T-Mobile recently sponsored a study run by GfK, a research outfit, that showed that about 80-percent of wireless customers in America are either unaware of how much it would increase their bill to use their phone normally while abroad, or vastly underestimate that amount. The study included 1,005 participants over the age of 18, and was shown to have an error margin of roughly 3-percent. The survey also asked about smartphone usage habits, how important a smartphone was when traveling, and the lengths people go to use their phones while outside of their home country. The survey essentially found that people desperately want to have their smartphone to turn to as a resource to help them explore foreign lands, but have no idea what to expect as far as the cost, or how to reduce that cost.
Of the total survey respondents, about 59-percent had no clue at all what the cost of using their phone abroad was, while 80-percent grossly underestimated the cost. Around 69-percent said that they took their smartphone with them when travelling, 55-percent of them said that they would rather have their luggage lost than be without their phone, and 66-percent would give up a 'good seat', before giving up their phone. As for reasons to use a phone abroad, the vast majority are worried about contacting family and friends back home, having an emergency lifeline, navigating unfamiliar turf, and having the phone handy to help them deal with the language barrier, depending on where they're headed. 21-percent of respondents said that they would be willing to resort to rather extreme measures to stay connected worldwide.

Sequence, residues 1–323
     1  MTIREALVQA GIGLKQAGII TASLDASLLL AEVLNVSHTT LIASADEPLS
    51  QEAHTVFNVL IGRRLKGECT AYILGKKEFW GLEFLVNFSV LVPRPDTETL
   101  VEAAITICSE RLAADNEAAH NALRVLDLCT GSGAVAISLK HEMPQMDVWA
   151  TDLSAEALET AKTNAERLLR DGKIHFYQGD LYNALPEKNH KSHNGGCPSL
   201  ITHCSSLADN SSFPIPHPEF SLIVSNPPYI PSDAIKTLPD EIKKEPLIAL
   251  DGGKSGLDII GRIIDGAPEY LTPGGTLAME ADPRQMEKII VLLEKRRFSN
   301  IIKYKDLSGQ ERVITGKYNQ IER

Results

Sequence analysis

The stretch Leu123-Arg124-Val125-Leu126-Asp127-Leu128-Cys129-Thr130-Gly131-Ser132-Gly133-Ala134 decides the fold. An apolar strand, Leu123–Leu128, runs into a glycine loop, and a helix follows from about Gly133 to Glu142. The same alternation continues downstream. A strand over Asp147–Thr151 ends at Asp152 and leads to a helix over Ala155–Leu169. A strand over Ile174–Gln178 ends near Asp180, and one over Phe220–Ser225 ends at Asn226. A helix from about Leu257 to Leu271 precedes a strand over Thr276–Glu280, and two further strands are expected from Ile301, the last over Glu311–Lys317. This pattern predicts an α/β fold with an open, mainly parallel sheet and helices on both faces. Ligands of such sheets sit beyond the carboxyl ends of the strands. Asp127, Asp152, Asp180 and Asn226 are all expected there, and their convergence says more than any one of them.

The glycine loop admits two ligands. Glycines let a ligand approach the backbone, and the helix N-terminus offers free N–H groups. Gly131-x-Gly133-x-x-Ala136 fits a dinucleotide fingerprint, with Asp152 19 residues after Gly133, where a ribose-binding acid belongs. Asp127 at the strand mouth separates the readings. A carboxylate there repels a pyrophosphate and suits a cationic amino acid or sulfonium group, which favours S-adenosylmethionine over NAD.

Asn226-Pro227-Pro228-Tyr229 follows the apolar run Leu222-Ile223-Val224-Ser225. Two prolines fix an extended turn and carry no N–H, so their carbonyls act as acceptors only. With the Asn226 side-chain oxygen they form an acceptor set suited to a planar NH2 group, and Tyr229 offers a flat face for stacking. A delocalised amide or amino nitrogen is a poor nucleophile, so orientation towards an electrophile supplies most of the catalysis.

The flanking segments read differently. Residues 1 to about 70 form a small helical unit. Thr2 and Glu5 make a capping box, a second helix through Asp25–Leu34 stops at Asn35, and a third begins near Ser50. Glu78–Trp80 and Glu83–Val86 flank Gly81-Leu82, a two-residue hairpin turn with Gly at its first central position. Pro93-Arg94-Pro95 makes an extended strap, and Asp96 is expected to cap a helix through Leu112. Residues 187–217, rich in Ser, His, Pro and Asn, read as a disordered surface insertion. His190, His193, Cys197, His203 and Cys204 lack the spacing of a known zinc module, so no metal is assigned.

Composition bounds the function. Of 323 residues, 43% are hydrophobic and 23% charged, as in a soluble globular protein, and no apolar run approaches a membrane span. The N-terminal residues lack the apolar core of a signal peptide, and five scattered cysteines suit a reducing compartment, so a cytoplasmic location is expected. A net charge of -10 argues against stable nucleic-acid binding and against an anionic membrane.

By T-Mobile's math, a family of AT&T customers would have to pay about $7,000 to use their phones normally while abroad for a week, if they forgot to sign up for AT&T's international options. If they did, however, it could still cost them about $280 per week, on top of their normal bill. T-Mobile, meanwhile, offers a number of international roaming options, with Mexico and Canada being full-service, while customers heading to over 140 countries would at least be able to use their data service and SMS texting like normal. Which T-Mobile suggests may be part of the reason that about 28-percent of T-Mobile customers surveyed said that they wanted to go somewhere exotic for their next vacation, while customers of other carriers had about a 15-percent batting average for the same question. It should be noted, though, that 66-percent of respondents wanted to go somewhere brand new on their next trip out of the country, exotic or not.